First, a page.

5. That’s super ridiculous. Either man up and be her friend or leave her alone.
  6. Again with what the wife thinks. Think for yourself!
  7. If you really want to apologize, just do it.

This is something you either need to own, and do it right, either on Facebook or by email, since you presumably could get her email via a common friend, or you need to put to bed and forget about. I’m sure she’d prefer the former (and I’m guessing that you would too, at least once you got yourself to do it) but is already making do with the latter. What you don’t do is send her some crapola about how you “can’t be Facebook friends with her” because of your wife. That’s nuts.

Aunt Pythia


Dear Auntie P,

I think sex is awesome. How do I have more of it?

I am in a very stable, loving relationship for over a decade, with all the kids and stuff that happens when you spend so long with someone (and I love all it). We have good sex, sometimes great sex, but we only rarely have amazing sex. Here are some specific questions for you:

1. I want sex a lot more often than my partner. That’s a bit frustrating, what should I do?

2. I’d love to try something different. Not too crazy, but different. We know each other too well and are more often than not following into the routine of “efficient sex”, going for the kill. What do I do?

3. With kids, a busy job, lots of hobbies and other stuff, and not enough sleep, how do you make time for long sex sessions? I’ve never tried cocaine, should I begin?

Thanks for the tips,

Perverse Bundle


Dear PB,

First of all, you are not alone. This is about the most common complaint I hear from my friends in happy marriages. First, be proud that it’s as good as it is!

Next, the truth is, no two people have exactly the same sex drive, and over time the mismatch of desire gets worse due to the natural form of complementary schismogenesis which exists in practically every sexual relationship.

That is to say, the man or woman who wants more sex, even if it’s just a little bit more, starts to feel rejected, and has moments of aggressiveness and hostility surrounding their unmet desire, which makes the man or woman who wants less sex feel even less like it, and the ante gets upped, and the cycle continues. It’s a feedback loop that often spirals out of control.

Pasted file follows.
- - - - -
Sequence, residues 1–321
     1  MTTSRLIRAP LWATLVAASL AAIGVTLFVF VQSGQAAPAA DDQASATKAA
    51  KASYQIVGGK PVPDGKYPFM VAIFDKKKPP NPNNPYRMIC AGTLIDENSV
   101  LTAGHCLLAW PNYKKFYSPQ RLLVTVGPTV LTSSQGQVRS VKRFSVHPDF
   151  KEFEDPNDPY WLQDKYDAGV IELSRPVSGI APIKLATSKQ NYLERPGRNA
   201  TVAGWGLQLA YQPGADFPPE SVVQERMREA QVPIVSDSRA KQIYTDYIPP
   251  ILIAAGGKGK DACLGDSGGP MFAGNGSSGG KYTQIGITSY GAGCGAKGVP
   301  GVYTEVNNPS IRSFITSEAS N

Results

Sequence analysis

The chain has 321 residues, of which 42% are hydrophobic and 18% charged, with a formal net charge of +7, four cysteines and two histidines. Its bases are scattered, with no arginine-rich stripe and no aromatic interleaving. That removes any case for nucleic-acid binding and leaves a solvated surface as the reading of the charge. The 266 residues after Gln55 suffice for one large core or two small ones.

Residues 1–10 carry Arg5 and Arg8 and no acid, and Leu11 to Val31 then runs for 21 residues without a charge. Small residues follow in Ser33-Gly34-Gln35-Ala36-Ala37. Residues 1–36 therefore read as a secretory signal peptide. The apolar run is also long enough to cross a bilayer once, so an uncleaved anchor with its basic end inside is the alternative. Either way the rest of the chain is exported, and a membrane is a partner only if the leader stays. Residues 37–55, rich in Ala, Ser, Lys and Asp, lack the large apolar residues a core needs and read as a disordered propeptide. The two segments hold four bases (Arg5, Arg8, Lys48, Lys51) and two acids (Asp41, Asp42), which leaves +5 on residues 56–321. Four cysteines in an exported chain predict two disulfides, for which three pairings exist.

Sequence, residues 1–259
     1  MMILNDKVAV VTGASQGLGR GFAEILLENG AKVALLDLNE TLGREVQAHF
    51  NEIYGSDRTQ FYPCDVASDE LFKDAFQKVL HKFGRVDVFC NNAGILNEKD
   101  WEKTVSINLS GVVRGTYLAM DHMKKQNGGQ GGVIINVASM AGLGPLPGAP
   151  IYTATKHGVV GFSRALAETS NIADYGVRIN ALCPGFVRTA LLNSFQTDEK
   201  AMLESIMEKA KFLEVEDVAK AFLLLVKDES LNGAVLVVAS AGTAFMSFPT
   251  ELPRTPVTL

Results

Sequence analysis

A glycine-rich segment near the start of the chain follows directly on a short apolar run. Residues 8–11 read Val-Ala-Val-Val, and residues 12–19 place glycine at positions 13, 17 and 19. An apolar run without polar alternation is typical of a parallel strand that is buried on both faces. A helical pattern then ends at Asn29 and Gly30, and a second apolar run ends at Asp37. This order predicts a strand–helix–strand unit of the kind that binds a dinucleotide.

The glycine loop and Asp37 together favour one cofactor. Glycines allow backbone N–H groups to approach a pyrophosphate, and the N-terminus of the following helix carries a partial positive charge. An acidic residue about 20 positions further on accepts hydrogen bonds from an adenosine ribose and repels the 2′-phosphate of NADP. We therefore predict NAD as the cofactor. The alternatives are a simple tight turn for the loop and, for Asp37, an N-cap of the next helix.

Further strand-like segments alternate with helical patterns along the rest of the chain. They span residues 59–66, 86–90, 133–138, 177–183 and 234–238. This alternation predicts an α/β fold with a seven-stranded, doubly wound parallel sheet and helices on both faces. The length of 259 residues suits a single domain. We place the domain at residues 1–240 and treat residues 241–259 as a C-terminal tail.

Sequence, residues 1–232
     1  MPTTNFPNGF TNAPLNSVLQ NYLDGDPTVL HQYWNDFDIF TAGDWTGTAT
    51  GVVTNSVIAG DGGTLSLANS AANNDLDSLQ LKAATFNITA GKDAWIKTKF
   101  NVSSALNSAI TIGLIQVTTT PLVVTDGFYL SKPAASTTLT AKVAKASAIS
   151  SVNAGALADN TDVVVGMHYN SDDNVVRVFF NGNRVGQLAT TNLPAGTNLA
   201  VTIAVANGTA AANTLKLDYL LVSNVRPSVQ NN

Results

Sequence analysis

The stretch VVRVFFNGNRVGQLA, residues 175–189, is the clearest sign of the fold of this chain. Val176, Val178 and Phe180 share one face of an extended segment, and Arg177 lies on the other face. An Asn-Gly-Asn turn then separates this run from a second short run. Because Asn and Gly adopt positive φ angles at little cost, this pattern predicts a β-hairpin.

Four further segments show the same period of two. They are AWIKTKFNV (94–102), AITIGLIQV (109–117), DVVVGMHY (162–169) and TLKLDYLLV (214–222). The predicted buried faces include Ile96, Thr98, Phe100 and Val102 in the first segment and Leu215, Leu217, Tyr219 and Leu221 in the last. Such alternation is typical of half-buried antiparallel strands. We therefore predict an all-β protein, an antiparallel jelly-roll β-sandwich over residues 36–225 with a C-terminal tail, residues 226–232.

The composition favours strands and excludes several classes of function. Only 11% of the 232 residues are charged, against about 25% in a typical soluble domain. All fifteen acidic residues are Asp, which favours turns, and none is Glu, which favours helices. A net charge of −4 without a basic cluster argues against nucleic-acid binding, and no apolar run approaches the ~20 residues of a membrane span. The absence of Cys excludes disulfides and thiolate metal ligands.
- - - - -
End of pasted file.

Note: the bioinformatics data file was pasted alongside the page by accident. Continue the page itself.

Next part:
It doesn’t even sound like that’s where you are, but it’s a danger because it’s always a danger.

How does one build a dampening effect to counteract this schismogenesis? Maybe it would be possible to explicitly funnel your unmet desires into some other activity where you get attention, though possibly not sexual attention.

So, you could have friends over regularly for parties with your partner, or you could go out with your friends regularly, or you could get ambitious and start playing the guitar and go out to do open mics, or you could even join a band. The point is that you get fun stuff to do and not enough time to dwell on being rejected, and moreover your partner will find you irresistibly cute and brave and sexy once you’re up on stage.

Next, when you’re super busy with kids and national tours from your new music career, long sex sessions don’t happen by themselves. You need to make time for them, in the form of date nights. And dates can happen inside bedrooms, but even so, call them “date nights” since that sounds better than “scheduled sex”.

Finally: say no to cocaine, but do buy sex toys.

Good luck!

Auntie P


Dear Auntie,

I’m not always as good a parent as I’d like myself to be. I’m trying to reason with my 3 kids who are all younger than 4, but they always go too far and I end up yelling too often. I NEVER yell at anyone else, though. I know exactly the kind of situations that trigger the yelling, but they’re unavoidable. What should I do?

Uncle Stach

Dear Uncle Stach,